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Accidental Fire Heavily Damages Botsford Mobile Home



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Accidental Fire Heavily Damages Botsford Mobile Home

By Andrew Gorosko

An equipment malfunction on the evening of Monday, January 2, caused an accidental fire in a dwelling at the Newtown Village Mobile Home Park at 301 South Main Street (Route 25) in Botsford, which heavily damaged the structure that was unoccupied when the blaze occurred, fire officials said.

Deputy Fire Marshal Rich Frampton, who investigated the fire, said that some type of equipment malfunction in the utility room of Unit 23 caused the accidental blaze. The fire may have started due to a problem with an electrical panel or a problem with an electric water heater, he said.

The 600-square-foot mobile home, which was built in 1972, is the dwelling of Susan and Larry Bailey, who were not at home when the fire occurred, Mr Frampton said. The couple is staying elsewhere after the fire.

There were no injuries in the blaze. A damage estimate was not available.

A neighbor of the Baileys saw some smoke coming out of Unit 23 and reported the fire, the deputy fire marshal said.

Complicating the situation was the fire’s proximity to two residential propane storage tanks, which firefighters worked to prevent from catching fire and exploding.

Botsford, Hook & Ladder, Sandy Hook, Dodgingtown, Hawleyville, and Monroe firefighters responded to the blaze.

Mr Frampton said firefighters prevented the blaze from spreading to other mobile homes, which are positioned very close to one another in the complex. It would have been a much worse situation had other nearby mobile homes ignited, he added.

The deputy fire marshal noted that the Baileys had recently renovated the mobile home, which sustained heavy damage. In addition to the structural damage, most of the dwelling’s contents were destroyed, Mr Frampton said.

Botsford Fire Chief Wayne Ciaccia said of firefighters’ swift efforts to halt the blaze, “It went about as good as it could have.”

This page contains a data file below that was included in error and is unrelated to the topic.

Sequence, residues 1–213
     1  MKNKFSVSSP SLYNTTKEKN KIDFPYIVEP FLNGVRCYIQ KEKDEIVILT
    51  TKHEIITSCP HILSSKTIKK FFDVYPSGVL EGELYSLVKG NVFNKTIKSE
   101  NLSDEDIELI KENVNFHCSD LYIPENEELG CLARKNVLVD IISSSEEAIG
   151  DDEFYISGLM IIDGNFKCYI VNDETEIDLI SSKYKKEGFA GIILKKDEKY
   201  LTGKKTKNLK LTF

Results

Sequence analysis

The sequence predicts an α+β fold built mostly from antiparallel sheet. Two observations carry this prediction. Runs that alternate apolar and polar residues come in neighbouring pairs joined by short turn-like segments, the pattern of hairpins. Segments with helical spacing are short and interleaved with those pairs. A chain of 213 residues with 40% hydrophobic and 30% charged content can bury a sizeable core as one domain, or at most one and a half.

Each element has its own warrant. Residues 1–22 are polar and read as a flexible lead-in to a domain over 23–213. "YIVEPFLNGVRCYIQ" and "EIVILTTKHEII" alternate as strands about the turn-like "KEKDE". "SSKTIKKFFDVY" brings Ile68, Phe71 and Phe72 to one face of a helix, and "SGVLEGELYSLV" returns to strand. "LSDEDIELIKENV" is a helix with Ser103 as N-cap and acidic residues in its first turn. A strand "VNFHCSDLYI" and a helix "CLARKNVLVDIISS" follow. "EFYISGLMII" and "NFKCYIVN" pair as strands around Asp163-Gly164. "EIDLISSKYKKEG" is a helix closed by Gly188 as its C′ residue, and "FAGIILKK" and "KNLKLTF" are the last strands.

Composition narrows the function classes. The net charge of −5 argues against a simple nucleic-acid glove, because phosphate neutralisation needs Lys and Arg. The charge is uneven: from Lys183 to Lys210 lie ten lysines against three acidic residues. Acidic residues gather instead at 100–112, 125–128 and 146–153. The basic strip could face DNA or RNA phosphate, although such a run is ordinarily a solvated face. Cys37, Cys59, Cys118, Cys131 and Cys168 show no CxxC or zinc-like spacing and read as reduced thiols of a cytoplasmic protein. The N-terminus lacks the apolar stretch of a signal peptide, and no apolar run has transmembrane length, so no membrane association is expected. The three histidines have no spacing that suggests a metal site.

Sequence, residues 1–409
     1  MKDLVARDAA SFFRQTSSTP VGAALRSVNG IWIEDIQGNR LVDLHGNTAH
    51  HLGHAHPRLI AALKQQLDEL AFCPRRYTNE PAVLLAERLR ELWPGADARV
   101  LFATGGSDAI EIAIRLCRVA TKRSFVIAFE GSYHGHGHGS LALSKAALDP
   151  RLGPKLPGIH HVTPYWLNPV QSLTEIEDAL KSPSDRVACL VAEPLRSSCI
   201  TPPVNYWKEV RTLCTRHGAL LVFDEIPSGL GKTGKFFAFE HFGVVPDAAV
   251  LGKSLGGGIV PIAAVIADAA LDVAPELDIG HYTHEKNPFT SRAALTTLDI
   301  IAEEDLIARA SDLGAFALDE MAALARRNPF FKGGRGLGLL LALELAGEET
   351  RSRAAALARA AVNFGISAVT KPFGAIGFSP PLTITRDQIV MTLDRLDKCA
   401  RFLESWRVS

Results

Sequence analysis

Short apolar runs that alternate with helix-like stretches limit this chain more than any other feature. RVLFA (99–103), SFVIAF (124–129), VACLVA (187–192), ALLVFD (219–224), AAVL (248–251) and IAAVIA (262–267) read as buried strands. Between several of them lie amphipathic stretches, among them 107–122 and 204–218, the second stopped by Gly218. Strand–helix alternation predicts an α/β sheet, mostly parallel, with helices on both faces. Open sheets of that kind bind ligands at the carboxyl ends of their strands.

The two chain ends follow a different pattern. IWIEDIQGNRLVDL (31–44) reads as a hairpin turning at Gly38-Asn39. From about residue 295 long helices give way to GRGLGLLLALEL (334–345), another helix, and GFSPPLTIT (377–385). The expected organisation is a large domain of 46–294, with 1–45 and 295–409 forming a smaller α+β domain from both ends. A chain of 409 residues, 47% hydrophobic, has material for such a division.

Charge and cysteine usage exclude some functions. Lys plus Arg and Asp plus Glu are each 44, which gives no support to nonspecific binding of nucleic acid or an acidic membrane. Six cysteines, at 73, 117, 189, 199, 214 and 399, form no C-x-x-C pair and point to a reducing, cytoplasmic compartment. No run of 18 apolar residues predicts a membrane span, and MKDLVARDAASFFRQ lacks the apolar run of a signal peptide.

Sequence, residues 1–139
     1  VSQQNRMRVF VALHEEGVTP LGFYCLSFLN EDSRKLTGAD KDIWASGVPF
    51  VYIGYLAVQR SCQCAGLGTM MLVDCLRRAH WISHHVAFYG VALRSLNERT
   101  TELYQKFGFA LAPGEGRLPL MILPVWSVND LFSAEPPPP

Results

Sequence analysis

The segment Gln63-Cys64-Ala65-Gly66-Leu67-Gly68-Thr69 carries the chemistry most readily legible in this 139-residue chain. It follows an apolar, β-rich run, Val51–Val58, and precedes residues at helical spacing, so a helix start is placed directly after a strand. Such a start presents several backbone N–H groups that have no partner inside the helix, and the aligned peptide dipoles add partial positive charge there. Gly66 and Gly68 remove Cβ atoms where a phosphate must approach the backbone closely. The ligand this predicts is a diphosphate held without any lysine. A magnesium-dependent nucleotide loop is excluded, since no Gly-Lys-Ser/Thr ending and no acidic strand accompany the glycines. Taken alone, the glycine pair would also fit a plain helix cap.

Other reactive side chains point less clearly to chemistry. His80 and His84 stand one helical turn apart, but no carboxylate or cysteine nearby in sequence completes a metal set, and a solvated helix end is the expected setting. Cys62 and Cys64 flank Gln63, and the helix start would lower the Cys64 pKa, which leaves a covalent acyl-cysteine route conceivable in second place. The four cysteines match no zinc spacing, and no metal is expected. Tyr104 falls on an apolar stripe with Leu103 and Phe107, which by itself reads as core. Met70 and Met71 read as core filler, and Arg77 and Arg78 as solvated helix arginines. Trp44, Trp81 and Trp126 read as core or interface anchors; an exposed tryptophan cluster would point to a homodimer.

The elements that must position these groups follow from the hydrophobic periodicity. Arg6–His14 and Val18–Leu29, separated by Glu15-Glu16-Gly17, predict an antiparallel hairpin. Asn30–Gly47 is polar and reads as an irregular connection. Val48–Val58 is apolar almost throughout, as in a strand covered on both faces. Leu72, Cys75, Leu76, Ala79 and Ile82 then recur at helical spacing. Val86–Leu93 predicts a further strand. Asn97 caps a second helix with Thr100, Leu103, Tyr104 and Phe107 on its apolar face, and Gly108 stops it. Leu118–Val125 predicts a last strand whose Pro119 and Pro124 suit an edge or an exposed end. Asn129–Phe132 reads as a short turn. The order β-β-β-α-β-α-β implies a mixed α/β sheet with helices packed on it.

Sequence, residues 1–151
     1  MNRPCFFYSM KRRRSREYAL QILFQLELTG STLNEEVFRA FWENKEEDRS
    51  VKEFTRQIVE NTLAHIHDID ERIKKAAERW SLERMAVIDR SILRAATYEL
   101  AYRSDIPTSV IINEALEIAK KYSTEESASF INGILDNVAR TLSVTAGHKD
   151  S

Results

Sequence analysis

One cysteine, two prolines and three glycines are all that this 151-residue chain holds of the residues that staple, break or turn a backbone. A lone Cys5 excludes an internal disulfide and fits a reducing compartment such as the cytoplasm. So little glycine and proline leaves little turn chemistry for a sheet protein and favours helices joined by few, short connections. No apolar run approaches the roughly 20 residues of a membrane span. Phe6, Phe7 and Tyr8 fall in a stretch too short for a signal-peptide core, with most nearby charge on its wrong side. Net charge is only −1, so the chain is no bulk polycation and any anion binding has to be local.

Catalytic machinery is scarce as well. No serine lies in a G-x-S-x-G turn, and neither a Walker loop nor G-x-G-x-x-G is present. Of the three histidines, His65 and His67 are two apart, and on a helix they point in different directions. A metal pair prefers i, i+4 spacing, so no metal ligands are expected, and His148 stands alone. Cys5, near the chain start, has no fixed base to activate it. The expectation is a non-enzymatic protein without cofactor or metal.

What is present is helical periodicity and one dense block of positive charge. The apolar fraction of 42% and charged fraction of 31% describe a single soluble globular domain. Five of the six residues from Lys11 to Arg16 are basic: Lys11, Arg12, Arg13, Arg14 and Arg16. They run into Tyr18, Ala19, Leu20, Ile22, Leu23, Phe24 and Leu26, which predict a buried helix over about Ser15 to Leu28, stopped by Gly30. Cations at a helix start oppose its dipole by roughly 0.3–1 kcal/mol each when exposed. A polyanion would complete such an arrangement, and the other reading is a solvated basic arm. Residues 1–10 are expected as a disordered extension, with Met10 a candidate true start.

On quickly arriving at the densely-built complex, firefighters saw that the rear section of Unit 23 was afire, he said. Those flames were near the two propane tanks that were full of the compressed gas, he noted.

“We just went right after the fire,” Chief Ciaccia said of firefighters’ need to quickly extinguish the blaze before it could spread to nearby dwellings, he said.

“We did not know if there were people in the [burning] house,” he added.

Chief Ciaccia estimated that about 30 firefighters responded to the scene.

He noted that because there is so little space within the mobile home park to maneuver fire vehicles, firefighters must decide which fire vehicles will be needed before they drive into such a complex when responding to such calls.

After they arrived, firefighters had the residents of nearby mobile homes leave their dwellings while firefighting was underway, he said.

The bulk of the flames were extinguished within five minutes of firefighters’ arrival, Chief Ciaccia said.

“We’re just lucky we got there as quickly as we did,” he said. Otherwise, there would have been much more damage, he added. The complex contains several dozen closely spaced mobile homes.

The Botsford firehouse property lies about 100 feet away from the mobile home park along their South Main Street road frontages.

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